Oli, parchment has become one of my favorite kitchen tools as well. Great for rolling out sticky dough and cute parcels are always fun!

    P, :)

    Pouke, Thanks! Good to be home.

    Phyllis, I loved getting to sit next to you at the Ottolengi event - such a great evening all around. Not sure my mushrooms turned out as well as Russ's, but a girl can try!

    -E

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  15. I love how they come wrapped up in a tidy little package like that. Makes them seem even more special. And the method also seals in all their juices and flavors. Bet this is just astoundingly delicious. ;)

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  16. Oh, too funny! I was *just* looking at my copy of "Plenty" and deciding which recipe to make. I was leaning toward the green gazpacho, but that mushroom recipe looks divine.

    Must have been a fun dinner at Camino! I was voyeuristically following along on Twitter...ha. What was on the menu?

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  17. Carolyn, You're so right...having the juices enclosed in the parcels really does make for tender mushrooms. Plus, when you open up the parcels, the herby aroma exhales from within. Yum!

    Alison, Such coincidence:) I was tempted by the green gazpacho as well. Doesn't it look good? And the meal at Camino was simple, delish and packed with veg. Caramelized fennel, lentils, mushroom parcels, and so much more - all good! I didn't miss meat one bit.

    -E

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  18. I love beauty and simplicity of this recipe, one of my favorite mushroom dishes is very similar to this one, only mushrooms are sauteed and then finished off with cream and fresh herbs, really good!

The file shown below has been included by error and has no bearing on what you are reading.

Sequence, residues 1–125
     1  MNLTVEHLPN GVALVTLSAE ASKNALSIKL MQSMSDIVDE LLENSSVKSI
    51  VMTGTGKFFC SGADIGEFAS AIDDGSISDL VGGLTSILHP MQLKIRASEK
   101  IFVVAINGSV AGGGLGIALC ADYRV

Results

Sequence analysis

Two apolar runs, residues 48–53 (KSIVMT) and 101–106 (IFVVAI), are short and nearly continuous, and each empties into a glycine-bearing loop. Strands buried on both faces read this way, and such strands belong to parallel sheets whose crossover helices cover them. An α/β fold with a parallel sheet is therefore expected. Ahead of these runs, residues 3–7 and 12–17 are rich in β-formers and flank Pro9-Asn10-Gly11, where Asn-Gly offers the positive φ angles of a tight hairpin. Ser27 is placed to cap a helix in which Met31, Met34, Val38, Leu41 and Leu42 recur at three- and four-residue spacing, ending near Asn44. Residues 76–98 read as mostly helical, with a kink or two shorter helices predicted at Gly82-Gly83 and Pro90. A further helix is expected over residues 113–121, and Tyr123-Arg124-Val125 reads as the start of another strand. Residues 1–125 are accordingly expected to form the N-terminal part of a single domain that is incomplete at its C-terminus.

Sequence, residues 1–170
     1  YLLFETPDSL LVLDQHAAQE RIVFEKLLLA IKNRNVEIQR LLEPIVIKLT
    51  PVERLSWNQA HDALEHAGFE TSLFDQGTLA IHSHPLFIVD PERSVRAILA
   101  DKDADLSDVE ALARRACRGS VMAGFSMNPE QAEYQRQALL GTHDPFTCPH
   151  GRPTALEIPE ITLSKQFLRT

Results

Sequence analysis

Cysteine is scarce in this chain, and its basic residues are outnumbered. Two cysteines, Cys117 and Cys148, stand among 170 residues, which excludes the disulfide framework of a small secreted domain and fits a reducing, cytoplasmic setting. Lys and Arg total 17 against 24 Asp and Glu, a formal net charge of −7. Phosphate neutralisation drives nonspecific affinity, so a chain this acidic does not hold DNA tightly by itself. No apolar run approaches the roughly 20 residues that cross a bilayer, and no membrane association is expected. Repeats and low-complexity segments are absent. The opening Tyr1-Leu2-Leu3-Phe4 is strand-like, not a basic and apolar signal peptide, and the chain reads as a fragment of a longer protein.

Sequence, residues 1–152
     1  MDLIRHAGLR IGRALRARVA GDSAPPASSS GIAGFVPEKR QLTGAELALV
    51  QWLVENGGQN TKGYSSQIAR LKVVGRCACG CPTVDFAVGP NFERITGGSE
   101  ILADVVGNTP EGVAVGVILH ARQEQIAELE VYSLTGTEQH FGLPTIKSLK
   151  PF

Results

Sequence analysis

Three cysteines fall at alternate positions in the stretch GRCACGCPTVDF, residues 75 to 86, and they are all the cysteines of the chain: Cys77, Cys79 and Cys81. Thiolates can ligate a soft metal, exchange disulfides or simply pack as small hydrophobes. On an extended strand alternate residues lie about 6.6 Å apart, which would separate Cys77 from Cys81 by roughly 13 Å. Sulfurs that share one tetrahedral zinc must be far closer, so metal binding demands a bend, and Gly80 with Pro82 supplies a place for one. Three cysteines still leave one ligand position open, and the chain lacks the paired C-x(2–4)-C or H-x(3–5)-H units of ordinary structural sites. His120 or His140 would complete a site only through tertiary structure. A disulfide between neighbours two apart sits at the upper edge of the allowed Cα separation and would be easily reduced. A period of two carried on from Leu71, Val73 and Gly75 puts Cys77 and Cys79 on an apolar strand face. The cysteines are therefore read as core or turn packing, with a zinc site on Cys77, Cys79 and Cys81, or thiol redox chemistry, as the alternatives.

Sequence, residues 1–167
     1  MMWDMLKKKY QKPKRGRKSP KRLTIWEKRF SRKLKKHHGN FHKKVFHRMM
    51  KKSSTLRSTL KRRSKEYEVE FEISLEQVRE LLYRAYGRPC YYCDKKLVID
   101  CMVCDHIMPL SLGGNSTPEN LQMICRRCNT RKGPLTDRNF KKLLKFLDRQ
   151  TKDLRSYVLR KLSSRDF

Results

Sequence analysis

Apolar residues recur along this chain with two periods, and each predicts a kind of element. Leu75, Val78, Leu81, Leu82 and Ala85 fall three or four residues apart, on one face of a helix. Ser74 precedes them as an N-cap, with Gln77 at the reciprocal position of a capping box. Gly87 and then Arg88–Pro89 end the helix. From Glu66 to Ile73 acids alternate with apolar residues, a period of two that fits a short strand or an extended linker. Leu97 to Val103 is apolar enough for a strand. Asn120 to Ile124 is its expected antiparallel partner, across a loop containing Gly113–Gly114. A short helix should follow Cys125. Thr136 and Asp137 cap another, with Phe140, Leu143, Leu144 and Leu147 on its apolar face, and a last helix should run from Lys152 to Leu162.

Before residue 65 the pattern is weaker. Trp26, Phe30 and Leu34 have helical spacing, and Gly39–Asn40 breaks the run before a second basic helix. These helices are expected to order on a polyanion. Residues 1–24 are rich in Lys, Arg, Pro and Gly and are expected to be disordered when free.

what a story with Ottolenghi, it must've been interesting for you to see how he blossomed over the years :)

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  19. M, mushroom, herbs and cream... always good, right?
    Do you have Ottolengi's book? I think you'd dig it:)
    -E

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  20. AnonymousJuly 23, 2011

    Those mushrooms made my mouth water and it is 7:00 in the morning! Beautiful pictures and loved the story as well.

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  21. I just had something like this at a very fancy wedding and thought they were so clever!

    I love cooking in parchment, but I never thought of a little personal mushroom packet. So special and intimate - like a little present!

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  22. This looks fantastic!

    Its so cool that you stumbled upon such a wonderful place just as it was starting up

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  23. Thanks Anonymous!

    Jamie, I agree about the "little present" vibe with parchment packets. They are so simple, yet feel really festive!

    Stephanie, I do feel lucky to have stumbled upon Ottolengi - such funny coincidence:)

    -E

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  24. I loooove this, looks so delicious, will have to try it. I love when you find a place you love to eat at :)

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So good to hear from you... I appreciate each and every note you leave for me!

Thanks,
E